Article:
Tuesday, November 26, 2019

America Has a Health Problem

The conclusions from a comprehensive new study by researchers at Virginia Commonwealth University showing that mortality rates for U.S. adults ages 25-64 continue to increase, driving down the general population’s life expectancy for at least three consecutive years should not be ignored.
The report, “Life Expectancy and Mortality Rates in the United States, 1959-2017,’’ was published Tuesday in the Journal of the American Medical Association. The study paints a bleak picture of a workforce plagued by drug overdoses, suicides and organ-system diseases while grappling with economic stresses.

In a trend that cuts across racial and ethnic boundaries, the U.S. has the worst midlife mortality rate among 17 high-income countries despite leading the world in per-capita spending on health care.
And while life expectancy in those other industrialized nations continues to inch up, it has been going in the opposite direction in America, decreasing from a peak of 78.9 years in 2014 to 78.6 in 2017.

By comparison, according to the Peterson-Kaiser Health System Tracker, the average longevity in similar countries is 82.2 years. Japan’s is 84.1, France’s 82.4 and Canada’s 81.9. They left the U.S. behind in the 1980s and increased the distance as the rate of progress in this country diminished and eventually halted in 2011.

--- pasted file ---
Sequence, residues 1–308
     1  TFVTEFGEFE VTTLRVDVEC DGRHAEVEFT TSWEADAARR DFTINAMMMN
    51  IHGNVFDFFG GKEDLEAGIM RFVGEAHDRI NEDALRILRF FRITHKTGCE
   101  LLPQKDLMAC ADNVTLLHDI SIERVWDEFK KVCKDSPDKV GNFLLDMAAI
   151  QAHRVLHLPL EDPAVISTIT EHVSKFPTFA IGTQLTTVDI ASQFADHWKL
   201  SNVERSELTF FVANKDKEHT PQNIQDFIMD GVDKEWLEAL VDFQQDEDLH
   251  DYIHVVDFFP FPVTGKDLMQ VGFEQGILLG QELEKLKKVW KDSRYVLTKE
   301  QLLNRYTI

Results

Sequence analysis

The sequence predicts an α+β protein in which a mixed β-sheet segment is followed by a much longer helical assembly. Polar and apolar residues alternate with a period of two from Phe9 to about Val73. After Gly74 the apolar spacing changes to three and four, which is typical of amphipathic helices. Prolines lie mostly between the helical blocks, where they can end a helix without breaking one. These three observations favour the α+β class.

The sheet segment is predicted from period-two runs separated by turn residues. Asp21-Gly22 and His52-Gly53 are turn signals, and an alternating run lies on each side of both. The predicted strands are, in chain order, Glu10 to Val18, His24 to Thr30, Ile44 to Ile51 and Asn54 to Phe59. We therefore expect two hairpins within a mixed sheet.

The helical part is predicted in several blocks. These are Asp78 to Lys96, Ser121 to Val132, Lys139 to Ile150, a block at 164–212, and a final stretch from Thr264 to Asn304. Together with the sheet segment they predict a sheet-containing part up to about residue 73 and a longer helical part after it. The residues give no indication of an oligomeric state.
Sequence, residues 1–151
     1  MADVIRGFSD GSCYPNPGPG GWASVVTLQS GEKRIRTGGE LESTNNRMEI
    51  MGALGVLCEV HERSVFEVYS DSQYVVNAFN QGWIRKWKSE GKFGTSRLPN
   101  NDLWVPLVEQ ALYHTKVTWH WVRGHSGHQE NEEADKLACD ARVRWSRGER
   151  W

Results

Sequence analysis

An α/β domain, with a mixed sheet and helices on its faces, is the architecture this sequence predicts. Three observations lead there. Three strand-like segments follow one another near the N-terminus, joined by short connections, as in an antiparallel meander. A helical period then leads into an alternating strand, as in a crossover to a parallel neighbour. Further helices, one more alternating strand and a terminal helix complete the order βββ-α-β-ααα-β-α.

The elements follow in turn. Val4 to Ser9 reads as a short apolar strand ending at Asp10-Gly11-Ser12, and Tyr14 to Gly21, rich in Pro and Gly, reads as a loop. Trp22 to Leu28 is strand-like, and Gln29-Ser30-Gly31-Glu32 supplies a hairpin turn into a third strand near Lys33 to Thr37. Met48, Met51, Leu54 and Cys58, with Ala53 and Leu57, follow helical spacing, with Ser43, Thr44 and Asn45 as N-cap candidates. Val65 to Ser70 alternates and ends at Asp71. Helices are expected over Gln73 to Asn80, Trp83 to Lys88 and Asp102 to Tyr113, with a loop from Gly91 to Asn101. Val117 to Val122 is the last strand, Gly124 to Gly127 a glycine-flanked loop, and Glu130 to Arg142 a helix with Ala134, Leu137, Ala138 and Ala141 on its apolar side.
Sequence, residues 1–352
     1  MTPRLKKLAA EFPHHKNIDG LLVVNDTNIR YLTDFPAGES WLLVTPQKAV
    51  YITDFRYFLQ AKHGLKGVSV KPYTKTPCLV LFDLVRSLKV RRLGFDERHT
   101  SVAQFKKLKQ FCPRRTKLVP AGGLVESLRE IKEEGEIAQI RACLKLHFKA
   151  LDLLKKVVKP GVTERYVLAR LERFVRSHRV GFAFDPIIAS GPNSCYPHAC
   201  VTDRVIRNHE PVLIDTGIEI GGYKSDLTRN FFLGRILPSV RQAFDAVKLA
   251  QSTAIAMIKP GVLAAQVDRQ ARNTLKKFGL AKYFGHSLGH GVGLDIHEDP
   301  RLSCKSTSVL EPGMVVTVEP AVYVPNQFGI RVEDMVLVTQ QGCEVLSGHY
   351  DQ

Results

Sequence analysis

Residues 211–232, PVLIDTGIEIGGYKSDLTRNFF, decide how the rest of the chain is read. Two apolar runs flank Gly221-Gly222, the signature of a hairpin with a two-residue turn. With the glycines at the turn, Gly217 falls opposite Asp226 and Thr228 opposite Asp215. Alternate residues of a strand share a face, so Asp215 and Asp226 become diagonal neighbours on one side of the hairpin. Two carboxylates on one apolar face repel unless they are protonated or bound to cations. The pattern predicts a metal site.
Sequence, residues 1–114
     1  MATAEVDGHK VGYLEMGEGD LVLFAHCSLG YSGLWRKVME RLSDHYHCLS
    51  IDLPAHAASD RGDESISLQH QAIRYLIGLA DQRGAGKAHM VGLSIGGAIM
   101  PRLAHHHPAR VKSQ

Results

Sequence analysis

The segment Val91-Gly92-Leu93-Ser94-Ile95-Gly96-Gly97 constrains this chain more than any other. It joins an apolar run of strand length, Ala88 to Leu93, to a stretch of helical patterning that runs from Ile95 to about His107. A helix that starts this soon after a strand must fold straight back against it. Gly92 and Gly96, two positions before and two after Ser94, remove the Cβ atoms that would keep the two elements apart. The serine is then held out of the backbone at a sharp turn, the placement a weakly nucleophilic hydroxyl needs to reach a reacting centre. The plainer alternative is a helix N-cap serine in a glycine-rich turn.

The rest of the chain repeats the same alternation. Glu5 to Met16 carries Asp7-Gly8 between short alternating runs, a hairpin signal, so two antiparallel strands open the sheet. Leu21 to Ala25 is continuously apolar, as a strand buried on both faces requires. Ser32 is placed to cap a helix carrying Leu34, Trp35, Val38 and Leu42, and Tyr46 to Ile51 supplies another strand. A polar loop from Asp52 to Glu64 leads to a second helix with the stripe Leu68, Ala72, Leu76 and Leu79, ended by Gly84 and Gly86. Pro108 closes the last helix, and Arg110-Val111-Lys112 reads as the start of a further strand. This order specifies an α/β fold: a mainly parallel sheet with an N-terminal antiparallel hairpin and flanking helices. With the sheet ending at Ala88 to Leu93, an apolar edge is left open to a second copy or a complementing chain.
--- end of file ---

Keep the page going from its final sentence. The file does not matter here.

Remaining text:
Steven Woolf, director emeritus of the VCU Center on Society and Health and the study’s lead author, said the reasons for the decline go well beyond the lack of universal health care in the U.S. – in contrast with those other nations – although that’s a factor.  “It would be easier if we could blame this whole trend on one problem, like guns or obesity or the opioid epidemic, all of which distinguish the U.S. from the other countries,’’ Woolf told USA TODAY. “But we found increases in death rates across 35 causes of death.’’

I think the bigger question is what is it going to take for America for finally start paying attention to what's happening ... and begin to do something about it?

Monday, November 18, 2019

Told You So

On the front page of the Dallas Morning News (and many other newspapers) on November 17, 2019 was the headline:  "Study: Surgery not best for all" and the lengthy article explained the massive study named ISCHEMIA.  While invasive procedures like insertion of a stent or even by-pass surgery better than pills at reducing patients' chest pain during exercise the study found no difference in a wide variety of heart-disease outcomes including heart attacks and even cardiac death.

Is anyone surprised that a legion of cardiac specialists are against this study?  After all, there are 500,000 heart stent procedures every year in the U.S. which is millions of dollars for doctors, hospitals, even stent manufacturers.  But now we have a huge federal study that says there's no reason to rush into these invasive procedures for patients with stable heart disease.

Have you ever heard of the Ornish Program?  Dr. Dean Ornish developed it many years ago and it is the most effective program to reverse heart disease available ... and it's all natural.  Based on a plant-based diet the program includes medication and other tools for the body to heal itself.  It has been proved so successful that Medicare even pays for it!

Surgery and even drugs may make money for a lot of folks but it isn't necessarily the best treatment.